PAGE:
- "Twenty-one percent of all the sugar in the American diet comes from soft drinks."
- "Drinking one soft drink per day increases the risk of Metabolic Syndrome by 44%" [Metabolic Syndrome involves abnormal weight gain, significant increases in circulating triglycerides and increased fat deposits, especially around the belly. --JAH]
- "Drinking one soft drink per day increases a child's risk of becoming obese by 60%."
- "Just one extra can of soda per day can add as much as 15 pounds to your weight over the course of a single year.
- . . . And more.
One of the issues I've been reading about more lately has to do with the particular harm caused by HFCS (High-Fructose Corn Syrup). Dr. Joseph Mercola writes,
Fructose, as opposed to glucose, is particularly damaging to your body due to the way it’s metabolized. The entire burden of metabolizing fructose falls on your liver, which creates a number of waste products and toxins, including a large amount of uric acid, which drives up blood pressure and causes gout.--That's what Mercola writes. But is it true?
Becky Hand, a Licensed & Registered Dietitian, suggests that there is no reason to be more concerned about HFCS than regular table sugar.
At least for the past five years, I have been providing accurate nutrition education by stating, “We are eating too much of the sweet stuff, no matter what the source.”But
research has shown that there are no significant differences between HFCS and sugar (sucrose) when it comes to the production of insulin, leptin (a hormone that regulates body weight and metabolism), ghrelin (the "hunger" hormone), or the changes in blood glucose levels. In addition, satiety studies done on HFCS and sugar (sucrose) have found no difference in appetite regulation, feelings of fullness, or short-term energy intake.Moreover,
[B]oth HFCS and table sugar (sucrose) enter the bloodstream as glucose and fructose—the metabolism of which is identical. There is no significant difference in the overall rate of absorption between table sugar and HFCS, which explains why these two sweeteners have the same effects on the body. [Emphases added--JAH]Hand claims she is "set[ting] the record straight after reviewing not just one research study but all of them."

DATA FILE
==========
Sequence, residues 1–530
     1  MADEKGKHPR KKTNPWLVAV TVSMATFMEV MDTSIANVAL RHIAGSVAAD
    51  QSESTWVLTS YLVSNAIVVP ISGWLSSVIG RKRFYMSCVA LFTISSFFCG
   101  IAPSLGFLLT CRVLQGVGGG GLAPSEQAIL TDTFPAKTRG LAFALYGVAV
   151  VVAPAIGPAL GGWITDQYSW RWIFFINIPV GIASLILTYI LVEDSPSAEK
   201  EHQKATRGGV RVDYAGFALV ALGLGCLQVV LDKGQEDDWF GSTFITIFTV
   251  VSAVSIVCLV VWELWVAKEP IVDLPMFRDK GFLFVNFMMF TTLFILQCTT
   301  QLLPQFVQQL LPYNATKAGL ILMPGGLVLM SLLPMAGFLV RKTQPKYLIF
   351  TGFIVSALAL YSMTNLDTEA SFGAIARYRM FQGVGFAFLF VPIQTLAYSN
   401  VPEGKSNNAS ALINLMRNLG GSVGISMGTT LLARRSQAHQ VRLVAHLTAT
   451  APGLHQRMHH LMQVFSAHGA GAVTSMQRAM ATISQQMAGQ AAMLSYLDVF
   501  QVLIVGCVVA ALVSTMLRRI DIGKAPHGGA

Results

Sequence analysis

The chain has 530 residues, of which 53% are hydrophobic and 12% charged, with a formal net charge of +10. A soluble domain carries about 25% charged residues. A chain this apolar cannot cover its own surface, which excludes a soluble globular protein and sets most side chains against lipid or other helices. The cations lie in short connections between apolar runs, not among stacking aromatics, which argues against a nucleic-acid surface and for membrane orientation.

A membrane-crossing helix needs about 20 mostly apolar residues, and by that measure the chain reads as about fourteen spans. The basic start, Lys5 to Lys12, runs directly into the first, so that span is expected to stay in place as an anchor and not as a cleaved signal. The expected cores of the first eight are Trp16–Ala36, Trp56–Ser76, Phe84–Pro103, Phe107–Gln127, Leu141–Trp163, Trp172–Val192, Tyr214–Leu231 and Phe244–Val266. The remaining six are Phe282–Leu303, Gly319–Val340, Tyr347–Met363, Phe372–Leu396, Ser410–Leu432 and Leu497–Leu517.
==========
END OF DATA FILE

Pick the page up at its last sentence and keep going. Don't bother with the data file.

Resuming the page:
Hand wrote her article in 2009.
If she reviewed "all" the literature, then why was Bill Sanda able to write, in February 2004 that, according to the American Journal of Clinical Nutrition, November 2002 Vol. 76, No. 5, 911-922, "Glucose is metabolized in every cell in the body but all fructose must be metabolized in the liver." Moreover, "The livers of test animals fed large amounts of fructose develop fatty deposits and cirrhosis, similar to problems that develop in the livers of alcoholics."
There is more. I'll let you read Sanda's article for yourself. But, before you get into all the technical details (including the detailed footnotes), I encourage you to read the highly accessible article by Dr. Mercola.
For more on the same general subject, I also recommend
--Missing Link Between Fructose, Insulin Resistance Found
--Sugar May Be Bad, But This Sweetener is Far More Deadly, Part 1
--Sugar May Be Bad, But This Sweetener is Far More Deadly, Part 2 (or, This Common Food Ingredient Can Really Mess Up Your Metabolism)
--The Real Dangers of Soda to You and Your Children
--Sugary Sweet Drinks Bring on Chronic Disease Later in Life